It has to be recognised that transitions in closed one-party states are times of particular risk, and the more tightly sealed and dictatorial the regime, the greater the danger is likely to be. Whatever emerges from the coming conclave, the hope must be that, if and when major change comes to North Korea, it is peaceful. Its people deserve better than the deprivation imposed upon them for so long; and a more open, less paranoid, regime would make the whole region a safer place.

React Now

Latest stories from i100
iJobs Job Widget
iJobs General

(Senior) IT Support Engineer - 1st-3rd Line Support

£40000 per annum: Ashdown Group: A successful IT service provider that has bee...

Wind Farm Civil Design Engineer

£55000 - £65000 Per Annum: The Green Recruitment Company: The Green Recruitmen...

Principal Marine Mechanical Engineer

£60000 - £70000 Per Annum: The Green Recruitment Company: The Green Recruitmen...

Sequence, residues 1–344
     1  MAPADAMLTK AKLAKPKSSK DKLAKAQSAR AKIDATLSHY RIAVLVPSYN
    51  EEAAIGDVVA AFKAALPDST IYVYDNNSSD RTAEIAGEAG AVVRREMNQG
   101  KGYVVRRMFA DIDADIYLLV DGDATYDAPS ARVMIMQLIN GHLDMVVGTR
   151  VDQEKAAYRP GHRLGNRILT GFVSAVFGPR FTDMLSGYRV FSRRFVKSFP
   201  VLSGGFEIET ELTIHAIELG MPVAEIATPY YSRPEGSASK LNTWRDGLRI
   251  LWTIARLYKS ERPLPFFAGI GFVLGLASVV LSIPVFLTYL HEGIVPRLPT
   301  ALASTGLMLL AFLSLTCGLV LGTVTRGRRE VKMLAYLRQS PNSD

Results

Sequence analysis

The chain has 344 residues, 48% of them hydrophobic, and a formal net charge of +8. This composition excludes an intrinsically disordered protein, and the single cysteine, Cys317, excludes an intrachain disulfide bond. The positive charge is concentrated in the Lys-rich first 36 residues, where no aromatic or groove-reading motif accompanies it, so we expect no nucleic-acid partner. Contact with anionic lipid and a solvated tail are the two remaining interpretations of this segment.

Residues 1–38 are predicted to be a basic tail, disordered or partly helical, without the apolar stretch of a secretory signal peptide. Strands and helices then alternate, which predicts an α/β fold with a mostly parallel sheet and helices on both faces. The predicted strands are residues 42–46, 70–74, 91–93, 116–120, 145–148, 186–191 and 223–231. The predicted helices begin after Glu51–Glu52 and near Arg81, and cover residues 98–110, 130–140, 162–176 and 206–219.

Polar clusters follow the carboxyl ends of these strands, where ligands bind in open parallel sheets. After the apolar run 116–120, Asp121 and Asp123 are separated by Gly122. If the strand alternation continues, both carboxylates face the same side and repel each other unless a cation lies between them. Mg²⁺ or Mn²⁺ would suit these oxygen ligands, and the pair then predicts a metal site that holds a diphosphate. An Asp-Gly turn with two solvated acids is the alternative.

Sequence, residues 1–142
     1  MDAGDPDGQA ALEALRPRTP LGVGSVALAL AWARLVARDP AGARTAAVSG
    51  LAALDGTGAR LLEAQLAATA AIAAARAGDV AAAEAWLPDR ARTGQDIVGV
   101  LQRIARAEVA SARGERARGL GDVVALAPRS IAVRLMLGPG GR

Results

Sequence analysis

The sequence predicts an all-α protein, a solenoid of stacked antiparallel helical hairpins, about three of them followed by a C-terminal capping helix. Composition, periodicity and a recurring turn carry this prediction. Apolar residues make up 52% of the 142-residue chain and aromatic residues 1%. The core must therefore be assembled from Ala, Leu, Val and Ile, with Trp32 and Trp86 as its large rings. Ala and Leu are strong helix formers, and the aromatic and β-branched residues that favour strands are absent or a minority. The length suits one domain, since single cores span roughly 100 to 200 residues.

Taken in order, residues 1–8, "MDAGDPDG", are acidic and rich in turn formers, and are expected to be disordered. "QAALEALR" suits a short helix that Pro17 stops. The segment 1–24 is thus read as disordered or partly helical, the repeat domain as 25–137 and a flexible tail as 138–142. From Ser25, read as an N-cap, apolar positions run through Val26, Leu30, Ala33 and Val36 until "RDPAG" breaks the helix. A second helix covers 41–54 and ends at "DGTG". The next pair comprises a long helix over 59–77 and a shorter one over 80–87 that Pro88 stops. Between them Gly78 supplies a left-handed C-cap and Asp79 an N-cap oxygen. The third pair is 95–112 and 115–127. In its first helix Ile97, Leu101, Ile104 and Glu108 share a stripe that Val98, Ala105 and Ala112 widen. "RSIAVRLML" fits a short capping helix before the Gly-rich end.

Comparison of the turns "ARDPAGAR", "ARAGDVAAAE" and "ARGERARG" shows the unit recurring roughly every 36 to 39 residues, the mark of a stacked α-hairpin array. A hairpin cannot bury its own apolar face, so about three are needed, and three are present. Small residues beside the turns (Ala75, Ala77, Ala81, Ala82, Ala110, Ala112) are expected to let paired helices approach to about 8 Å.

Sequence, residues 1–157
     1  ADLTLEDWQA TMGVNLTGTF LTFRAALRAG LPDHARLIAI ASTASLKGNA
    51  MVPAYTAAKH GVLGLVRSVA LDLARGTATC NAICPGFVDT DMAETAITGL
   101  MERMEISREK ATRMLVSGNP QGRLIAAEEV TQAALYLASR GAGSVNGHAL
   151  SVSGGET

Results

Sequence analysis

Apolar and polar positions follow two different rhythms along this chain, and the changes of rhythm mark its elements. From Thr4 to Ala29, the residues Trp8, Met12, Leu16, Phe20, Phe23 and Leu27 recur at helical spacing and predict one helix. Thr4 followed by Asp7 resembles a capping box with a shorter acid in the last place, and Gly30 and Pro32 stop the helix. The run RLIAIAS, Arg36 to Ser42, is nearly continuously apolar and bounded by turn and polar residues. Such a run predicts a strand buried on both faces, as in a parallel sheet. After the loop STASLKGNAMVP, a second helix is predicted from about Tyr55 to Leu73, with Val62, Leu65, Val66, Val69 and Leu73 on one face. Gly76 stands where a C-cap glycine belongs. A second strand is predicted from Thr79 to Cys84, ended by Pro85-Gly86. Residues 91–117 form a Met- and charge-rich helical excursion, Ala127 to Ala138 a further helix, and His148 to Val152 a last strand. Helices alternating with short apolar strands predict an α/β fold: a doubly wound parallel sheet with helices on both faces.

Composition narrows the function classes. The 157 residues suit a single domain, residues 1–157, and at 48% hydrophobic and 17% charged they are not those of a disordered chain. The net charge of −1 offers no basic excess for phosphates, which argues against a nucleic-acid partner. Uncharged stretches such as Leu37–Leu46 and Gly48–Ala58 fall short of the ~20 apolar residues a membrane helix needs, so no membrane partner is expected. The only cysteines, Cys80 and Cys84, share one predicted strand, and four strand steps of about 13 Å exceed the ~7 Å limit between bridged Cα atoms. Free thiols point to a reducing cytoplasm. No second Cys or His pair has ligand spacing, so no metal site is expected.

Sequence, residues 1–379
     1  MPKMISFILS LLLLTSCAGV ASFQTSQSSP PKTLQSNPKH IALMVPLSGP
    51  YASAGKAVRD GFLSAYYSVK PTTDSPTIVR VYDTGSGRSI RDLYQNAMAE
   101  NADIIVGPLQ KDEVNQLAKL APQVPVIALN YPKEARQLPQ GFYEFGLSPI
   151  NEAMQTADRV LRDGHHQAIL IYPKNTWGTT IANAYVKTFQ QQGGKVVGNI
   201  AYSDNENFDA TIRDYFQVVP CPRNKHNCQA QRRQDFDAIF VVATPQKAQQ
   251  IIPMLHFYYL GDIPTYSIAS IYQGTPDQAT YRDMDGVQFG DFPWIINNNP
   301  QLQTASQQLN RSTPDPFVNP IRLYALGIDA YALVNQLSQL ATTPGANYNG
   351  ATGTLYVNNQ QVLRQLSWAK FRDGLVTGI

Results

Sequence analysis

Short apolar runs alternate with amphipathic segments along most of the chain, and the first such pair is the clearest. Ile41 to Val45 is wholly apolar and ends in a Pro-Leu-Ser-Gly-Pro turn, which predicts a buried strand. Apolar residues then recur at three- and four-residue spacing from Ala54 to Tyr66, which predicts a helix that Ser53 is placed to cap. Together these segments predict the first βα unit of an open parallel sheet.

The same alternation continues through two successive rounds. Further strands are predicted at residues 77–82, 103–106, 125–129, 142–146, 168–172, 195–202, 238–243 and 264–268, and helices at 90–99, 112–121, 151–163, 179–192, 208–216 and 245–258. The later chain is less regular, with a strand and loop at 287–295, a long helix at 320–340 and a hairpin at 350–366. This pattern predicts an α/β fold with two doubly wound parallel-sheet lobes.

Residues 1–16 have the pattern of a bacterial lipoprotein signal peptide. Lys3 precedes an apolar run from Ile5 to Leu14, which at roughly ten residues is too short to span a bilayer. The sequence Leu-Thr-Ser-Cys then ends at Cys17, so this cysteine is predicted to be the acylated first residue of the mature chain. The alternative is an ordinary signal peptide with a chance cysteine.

Principle Geotechnical Engineer

£55000 - £65000 Per Annum: The Green Recruitment Company: The Green Recruitmen...

Day In a Page

Read Next
A Russian hunter at the Medved bear-hunting lodge in Siberia  

Save the Tiger: Meet the hunters tasked with protecting Russia's rare Amur tiger

Oliver Poole
Dress the Gaza situation up all you like, but the truth hurts

Robert Fisk on Gaza conflict

Dress the situation up all you like, but the truth hurts
Save the tiger: Tiger, tiger burning less brightly as numbers plummet

Tiger, tiger burning less brightly

When William Blake wrote his famous poem there were probably more than 100,000 tigers in the wild. These days they probably number around 3,200
5 News's Andy Bell retraces his grandfather's steps on the First World War battlefields

In grandfather's footsteps

5 News's political editor Andy Bell only knows his grandfather from the compelling diary he kept during WWI. But when he returned to the killing fields where Edwin Vaughan suffered so much, his ancestor came to life
Lifestyle guru Martha Stewart reveals she has flying robot ... to take photos of her farm

Martha Stewart has flying robot

The lifestyle guru used the drone to get a bird's eye view her 153-acre farm in Bedford, New York